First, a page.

The rain in the town this morning has been persistent and the wind is picking up.
Tolaga Bay Area School and Kahukuranui teacher Shanon Gray was getting a coffee ahead of a busy day with Civil Defence.
The school, of about 260 students, is closed today because it is also the Civil Defence base.
"We are just on watch at the moment. We are prepared for what might get worse later on today," Gray said.
"There are some slips and it's basically the ones out of Tolaga, but I know that it's not as bad as last time.
"I'm hoping it eases, but I know there's some more torrential rain coming. I think everyone's getting prepared for that and snuggling in."
Roll Inn Home Cookery and Cafe manager George McClutchie said people were coming in for hot food ahead of the weather getting worse.
"All the hillsides and the rivers have had a lot of water. I'm just glad it's not heavy rain at the moment. If it continues to rain like this we'll be back where we were two weeks ago."
People are also stocking up with provisions from John's Supprette and Lotto, where owner John Hale said: "They are worried, but they are just making sure they've got food to keep them going."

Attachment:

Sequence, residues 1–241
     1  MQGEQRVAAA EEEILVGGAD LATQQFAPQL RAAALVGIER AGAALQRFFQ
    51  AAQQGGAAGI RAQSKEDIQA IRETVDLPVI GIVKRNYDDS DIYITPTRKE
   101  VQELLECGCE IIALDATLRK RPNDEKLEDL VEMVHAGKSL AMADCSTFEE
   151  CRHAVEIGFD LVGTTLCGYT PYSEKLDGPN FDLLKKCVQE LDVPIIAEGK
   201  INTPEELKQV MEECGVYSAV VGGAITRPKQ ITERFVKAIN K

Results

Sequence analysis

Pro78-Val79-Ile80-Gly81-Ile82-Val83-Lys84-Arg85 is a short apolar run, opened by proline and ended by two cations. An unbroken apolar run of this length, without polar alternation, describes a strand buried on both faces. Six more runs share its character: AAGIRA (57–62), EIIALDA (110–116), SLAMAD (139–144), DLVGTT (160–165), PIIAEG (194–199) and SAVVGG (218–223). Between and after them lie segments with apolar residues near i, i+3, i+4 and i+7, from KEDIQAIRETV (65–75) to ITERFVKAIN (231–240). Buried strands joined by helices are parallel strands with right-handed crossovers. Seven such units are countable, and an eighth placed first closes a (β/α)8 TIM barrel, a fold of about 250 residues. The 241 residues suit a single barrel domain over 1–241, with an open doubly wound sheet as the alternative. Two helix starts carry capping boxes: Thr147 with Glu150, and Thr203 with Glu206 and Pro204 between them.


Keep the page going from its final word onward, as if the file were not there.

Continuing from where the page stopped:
A few doors down, Toni Hale, manager of J and A's Corner Cafe, said the weather had worsened this morning.
Gisborne-Wairoa Federated Farmers vice president Sam Hain told Morning Report flooding had already hit Ruatoria at the top of East Cape and the worst of the weather is set to reach his area by lunchtime.
He expected the biggest threat from today's storm would be the gale force winds, which are forecast to hit 150 kilometres an hour.
He said cracks were already opening up in the water-logged hills.
"Because the ground is so wet it is losing the ability to support those big trees and so there will be some lodgings, some trees getting simply blown over from the weight of the wind."
With the ground still saturated from the storm three weeks ago, Hain said slips were likely and they could pose a threat to waterways.
"Where the danger is is when it gets deeper into the soil and the slips occur, it makes a mess of some of the waterways and some fences but most farmers have got pretty good mitigations in place.
"They've got sediment catchers on their tracks and their dams so if a slip does occur a lot of that sediment gets caught before it enters the waterways."
Hain said farmers had moved stock to higher ground but there was only so much preparation they could do.